Xu chaired their fourth weekly management meeting. While the colonists had originally thought that this event would be a waste of time, now they gave it their highest priority. They had already passed through the health, hygiene and safety minutes. They had begun to review their resources. While their water usage was within expectations, it remained the critical resource for their survival. At each meeting they reflected on their consumption and their future. For the presentation on water, Xu brought up Jean for his review of the colony’s infrastructure.

Jean pulled his presentation onto the large monitor in front of them. He showed how their pipes and connectors remained tight with leakage at or below the nominal rate. Luckily for them this was a routine slide. Oddly, they found that being self sufficient was easier said than done. Some of their external monitors could measure leakage as low as hundreds of molecules a minute and their detectors were never nil. “How could they ever be self-sufficient given this?” they all wondered. Yet, with several weeks experience they had built up a history and could readily see any discrepancies in the measured discharge; though none showed. Jean moved quickly on to the slide depicting their resources. Their usage rate of breathable air remained reasonable and they had many ways to access pure oxygen if need. Also he showed how their scrubbers were cleaning out their CO2 and automatically depositing it into reservoirs destined for the future vegetation production. Last, Jean brought up the slide showing the water availability. It was simple; a barrel symbolising the amount in storage, a hollow line entering the barrel to indicate no water production and a line exiting the barrel that showed their daily, non-recyclable consumption. While Jean liked the graphic’s simplicity, sometimes it seemed too stark. By taking the available amount and dividing by the consumption they could calculate to within the hour when their water would run out. With a resupply container arriving within a month, he knew they had little margin for error. Jean continued on describing the status of the major equipment modules then closed with a satisfactory exclamation of “really, nothing new to report”.

Xu allowed Jean to finish his summary and then she brought up her final slide, the near term schedule of events. Aside from the resupply container’s imminent arrival and another some months later, their slate was empty except for the visitors. A group of four; scientists, tourists and operators was slated to arrive shortly after the resupply vessel. She knew that the Hab could accommodate the extra people but she was a bit more than curious as to how their guests would fit into their routine.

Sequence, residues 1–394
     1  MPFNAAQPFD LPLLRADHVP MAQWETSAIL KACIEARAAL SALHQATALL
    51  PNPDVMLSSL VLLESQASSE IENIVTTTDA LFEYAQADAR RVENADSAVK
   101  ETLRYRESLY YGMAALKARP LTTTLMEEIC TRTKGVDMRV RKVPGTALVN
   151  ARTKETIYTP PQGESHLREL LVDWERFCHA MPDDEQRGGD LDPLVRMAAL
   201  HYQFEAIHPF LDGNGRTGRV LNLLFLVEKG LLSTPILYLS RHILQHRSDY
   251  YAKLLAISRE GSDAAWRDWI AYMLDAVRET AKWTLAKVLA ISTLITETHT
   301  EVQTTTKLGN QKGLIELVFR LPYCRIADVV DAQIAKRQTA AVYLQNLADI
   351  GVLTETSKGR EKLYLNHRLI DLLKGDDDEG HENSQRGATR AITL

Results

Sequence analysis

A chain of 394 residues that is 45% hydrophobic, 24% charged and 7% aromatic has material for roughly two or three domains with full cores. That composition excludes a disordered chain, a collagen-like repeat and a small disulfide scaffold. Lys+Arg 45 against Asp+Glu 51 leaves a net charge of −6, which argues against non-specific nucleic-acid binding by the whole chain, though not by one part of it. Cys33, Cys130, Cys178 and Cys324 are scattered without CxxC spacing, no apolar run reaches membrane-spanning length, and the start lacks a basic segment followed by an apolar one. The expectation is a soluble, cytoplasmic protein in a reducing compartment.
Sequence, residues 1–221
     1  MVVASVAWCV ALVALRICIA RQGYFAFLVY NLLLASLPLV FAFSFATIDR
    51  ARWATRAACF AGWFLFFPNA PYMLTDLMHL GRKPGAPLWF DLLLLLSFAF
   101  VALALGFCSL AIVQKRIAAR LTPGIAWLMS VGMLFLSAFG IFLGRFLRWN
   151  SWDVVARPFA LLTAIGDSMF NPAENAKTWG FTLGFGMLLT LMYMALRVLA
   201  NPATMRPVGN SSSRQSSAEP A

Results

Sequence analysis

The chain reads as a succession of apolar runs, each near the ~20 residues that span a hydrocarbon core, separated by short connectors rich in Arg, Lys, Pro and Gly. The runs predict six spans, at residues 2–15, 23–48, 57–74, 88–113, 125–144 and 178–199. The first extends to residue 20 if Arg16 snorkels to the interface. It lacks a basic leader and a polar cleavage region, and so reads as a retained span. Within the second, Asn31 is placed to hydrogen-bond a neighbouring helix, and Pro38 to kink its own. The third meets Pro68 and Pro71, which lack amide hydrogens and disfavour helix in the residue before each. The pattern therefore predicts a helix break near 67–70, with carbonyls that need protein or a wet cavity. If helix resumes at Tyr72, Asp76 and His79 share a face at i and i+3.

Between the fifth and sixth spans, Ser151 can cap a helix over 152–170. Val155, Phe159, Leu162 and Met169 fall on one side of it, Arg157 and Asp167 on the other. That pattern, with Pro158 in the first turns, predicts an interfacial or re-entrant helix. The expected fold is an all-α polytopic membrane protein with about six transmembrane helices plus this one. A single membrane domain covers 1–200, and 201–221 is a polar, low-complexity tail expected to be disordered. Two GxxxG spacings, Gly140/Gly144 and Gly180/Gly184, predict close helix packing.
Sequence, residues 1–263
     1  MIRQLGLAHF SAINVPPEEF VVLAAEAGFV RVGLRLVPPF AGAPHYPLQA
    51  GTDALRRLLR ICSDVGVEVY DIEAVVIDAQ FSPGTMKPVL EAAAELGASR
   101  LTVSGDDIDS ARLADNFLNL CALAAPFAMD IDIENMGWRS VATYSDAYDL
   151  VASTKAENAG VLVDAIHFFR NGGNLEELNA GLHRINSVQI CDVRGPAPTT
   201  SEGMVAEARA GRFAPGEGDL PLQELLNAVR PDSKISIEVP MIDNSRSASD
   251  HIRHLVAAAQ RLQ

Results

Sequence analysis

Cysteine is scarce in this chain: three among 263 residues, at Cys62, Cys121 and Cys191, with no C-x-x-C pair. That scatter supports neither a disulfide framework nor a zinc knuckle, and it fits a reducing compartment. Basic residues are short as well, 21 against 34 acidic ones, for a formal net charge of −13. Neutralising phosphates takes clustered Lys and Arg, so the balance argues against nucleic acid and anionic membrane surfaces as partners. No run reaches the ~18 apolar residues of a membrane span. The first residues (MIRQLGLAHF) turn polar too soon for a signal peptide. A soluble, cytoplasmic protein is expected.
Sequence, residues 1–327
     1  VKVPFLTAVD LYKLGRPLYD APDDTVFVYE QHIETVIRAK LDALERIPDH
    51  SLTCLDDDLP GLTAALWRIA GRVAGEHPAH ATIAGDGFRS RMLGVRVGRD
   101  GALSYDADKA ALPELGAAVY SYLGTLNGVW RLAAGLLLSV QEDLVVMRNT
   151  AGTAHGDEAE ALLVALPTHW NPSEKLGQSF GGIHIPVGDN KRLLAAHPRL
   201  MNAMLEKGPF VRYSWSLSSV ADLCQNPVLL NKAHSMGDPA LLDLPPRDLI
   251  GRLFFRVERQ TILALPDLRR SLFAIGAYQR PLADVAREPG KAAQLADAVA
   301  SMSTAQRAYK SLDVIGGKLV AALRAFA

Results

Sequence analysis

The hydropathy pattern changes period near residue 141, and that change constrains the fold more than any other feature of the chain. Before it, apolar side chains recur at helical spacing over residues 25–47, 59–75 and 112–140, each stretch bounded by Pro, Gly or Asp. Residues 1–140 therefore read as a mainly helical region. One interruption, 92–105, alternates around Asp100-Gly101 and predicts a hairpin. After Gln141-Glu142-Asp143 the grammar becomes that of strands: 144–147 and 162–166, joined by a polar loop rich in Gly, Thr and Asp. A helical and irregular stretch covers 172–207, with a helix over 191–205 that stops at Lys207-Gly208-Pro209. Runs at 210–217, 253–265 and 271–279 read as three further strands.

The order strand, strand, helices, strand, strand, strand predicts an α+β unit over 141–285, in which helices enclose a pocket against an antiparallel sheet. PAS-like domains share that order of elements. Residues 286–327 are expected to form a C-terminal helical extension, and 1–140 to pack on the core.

Logbook #17


Le chapitre 17

This time Jean and Xu were outside walking with Woof while Valentina kept watch from inside the Hab. This was the first occasion that they had travelled outside the line of sight of any Hab monitor. They were exploring a shallow crevasse that split the inside edge of the crater. Their approach had been gradual along a well rounded fall line and with Woof leading, they entered the shallow down slope that descended outside their view.

Jean and Xu had role played this excursion during the last two days in the Hab. A 3D visual simulator put them into a synthetic environment. The simulator used measurements from the orbiting satellite to structure the ground. Jean had fun with this and would continually try to outsmart the computer. His favourite game was to walk directly at and through the imaginary crevasse rock wall or to gently but powerfully kick a rock in the hopes of it going ballistic. Xu laughed at his antics but she preferred to keep focused and she’d always pull him back into the task at hand. For her, as always, it was their goal; water, water, water. Their long-term survival depended upon acquiring this resource. Thus, they used the role playing to optimize any opportunity that could help lead to success.

As they ambled along the surface, Xu kept track of Woof’s laser gyros. With these they kept informed of the slope of the crevasse’s floor. The rover’s LIDAR imaging also kept them as well as Valentina at the Hab apprised of the local ground contours. They had discovered that much as like sand on the deserts of Earth, the lunar regolith smoothed out most small bumps and pitfalls. Valentina focused her monitors upon this ground truth data and steadily built up a true terrain map. From it, she’d relay suggestions to Xu and Jean for slight changes to a footfall. While she felt it monotonous, acquiring ground truth data could greatly speed detection of rocks containing appreciable water, or actually, ice. The sound of keyclicks coming from Desai’s work station just slightly behind her comforted her in her task. She saw Woof’s slope rate readout begin to increase too fast and she gave a command for all three to stand fast.

Expecting a drop-off, Jean tethered himself to Xu and pulled out a long ground probe. Back home he’d call this thing a stick but with no trees on the Moon then the telescopic probe got this more exciting name. Waving the probe as a blind person would wave their white cane, Jean slowly continued.